Thursday, May 23, 2013
By Bob Keyes firstname.lastname@example.org
Mike Houston, left, as Guy, David Mason as Nat and Kathy McCafferty as Lurenerehearse a scene from “Last Gas.”
Kevin Brusie photo
John Cariani discusses his play, “Last Gas,” with director Sally Wood, left, and actress Kathy McCafferty as they shape it before its premiere this week at Portland Stage Company.
Gordon Chibroski/Staff Photographer
"LAST GAS" BY JOHN CARIANI
WHERE: Portland Stage Company, 25A Forest Ave.
WHEN: Previews at 7:30 p.m. Tuesday to Thursday; opens at 7:30 p.m. Friday. Continues through Nov. 21 at 7:30 p.m. Wednesday to Friday, 4 and 8 p.m. Saturday and 2 p.m. Sunday, plus 7:30 p.m. Nov. 16 and 2 p.m. Nov. 18
TICKETS: $14 to $37, 774-0465, www.portlandstage.org
CAST AND CREW:
Stars Tom Bloom, Moira Driscoll, Mike Houston, David Mason, Kathy McCafferty and David Register. Directed by Sally Wood. Set design by Anita Stewart. Lighting by Gregg Carville. Composed by Julian Fleisher. Sound by Shannon Zura. Choreography by Maggie Jo Saylor. Stage manager, Shane Van Vliett.
Cariani went there to think, because it's sometimes easier to accomplish big thoughts in a small town than in New York, where he makes his living as an actor and playwright.
"You only write what you know, and you only really know the first 20 years of your life," he said.
So Cariani went home.
He stayed in the spare bedroom of a high school friend and did a lot of walking while he considered the story he wanted to tell.
The result is "Last Gas," which gets its premiere this week at Portland Stage Company. It's Cariani's second major Maine play. The first, "Almost, Maine," has achieved astounding success, becoming one of the 10 most-produced plays in the country. It also premiered at Portland Stage, in 2004.
Although the setting is familiar, "Last Gas" is vastly different from "Almost, Maine."
"Almost, Maine" is a quirky comedy, with some sad moments. "Last Gas" has funny moments, because Cariani is a funny man and handles comedy well. It's a play filled with happiness and hope, but also has moments of heavy, leaden sadness.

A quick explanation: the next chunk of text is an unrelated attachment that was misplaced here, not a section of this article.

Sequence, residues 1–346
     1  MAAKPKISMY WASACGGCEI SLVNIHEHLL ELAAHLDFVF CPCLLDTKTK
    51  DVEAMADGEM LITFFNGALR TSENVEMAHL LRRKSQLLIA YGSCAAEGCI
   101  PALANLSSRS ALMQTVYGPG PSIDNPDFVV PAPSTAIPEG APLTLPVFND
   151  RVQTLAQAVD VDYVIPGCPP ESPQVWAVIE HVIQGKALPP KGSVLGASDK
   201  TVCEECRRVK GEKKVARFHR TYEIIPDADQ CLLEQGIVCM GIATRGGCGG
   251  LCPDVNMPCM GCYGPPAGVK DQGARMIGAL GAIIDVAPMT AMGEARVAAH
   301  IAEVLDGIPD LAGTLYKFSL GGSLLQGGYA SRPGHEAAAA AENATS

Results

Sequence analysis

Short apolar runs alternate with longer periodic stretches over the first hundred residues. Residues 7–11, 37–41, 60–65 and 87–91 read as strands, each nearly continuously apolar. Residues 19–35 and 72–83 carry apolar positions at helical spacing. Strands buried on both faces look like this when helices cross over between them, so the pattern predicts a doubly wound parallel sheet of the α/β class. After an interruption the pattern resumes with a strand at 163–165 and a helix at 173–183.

"Last Gas" tells the story of Nat Paradis, who manages a convenience store in northern Maine. It's the last place to get gas before crossing into Canada.
The idea germinated in 2007, after the Boston Red Sox won their second World Series title in four years. Like a lot of Sox fans, Cariani wondered what his life would be like now that he had experienced what he wanted most. It's a case of "be careful what you wish for" -- once you achieve it, you may be left with an empty feeling.
But this play is not about the Red Sox. It's about the quiet things that kill people, the internal what-ifs that we all experience, and the everyday choices that we make without thinking about the consequences that reach far beyond our imaginations or expectations.
Nat, an inconsequential man of middle age, has never left home, never seen much of the world. It's May 2008, and Nat and his buddy, Guy, are getting ready to go to Boston to see the Red Sox play the Yankees at Fenway Park. Those plans get pushed to the side when a high school sweetheart of Nat's returns home to inter her deceased mother. Lurene's mom died earlier in the winter and had asked to be buried back home after the spring thaw.
Recently divorced, Lurene shows up at Nat's store, curious if her feelings for him are what she thinks they are, and whether Nat feels the same.
The story unfolds from there. In the interest of preserving the play's secrets, we'll leave the rest of the story untold so theatergoers can experience the drama for themselves.
Suffice to say, it's an emotional roller-coaster with an ending that may be happy or not, depending on your perspective. In truth, as of this writing, the ending was very much in flux.
Cariani, who has camped out at Portland Stage for three weeks, has furiously rewritten large swaths of the play almost every day after rehearsals. Last week, actors tried several endings to see what worked best. They were not complaining about working on a play so much in flux and having to remember lines one day only to find out the next that they no longer existed.
They were exhausted, but energized to be involved with a work in progress of such emotional impact.
"John finds and honors what's extraordinary in ordinary lives," said actress Kathy McCafferty, who plays Lurene. "He's writing something that people can identify with and understand. I don't know anyone who writes silent desperation as well as he does, or how he writes adults with a sense of wonder. His plays are filled with moments of wonder-filled beauty and moments of grand devastation and moments that are uncomfortable but funny."
(Continued on page 2)
click image to enlarge
John Cariani listens to a reading of his new play, “Last Gas,” at Portland Stage Company. The playwright has rewritten parts of the play throughout three weeks of rehearsals, and last week, the actors tried several endings to see what worked best.
Gordon Chibroski/Staff Photographer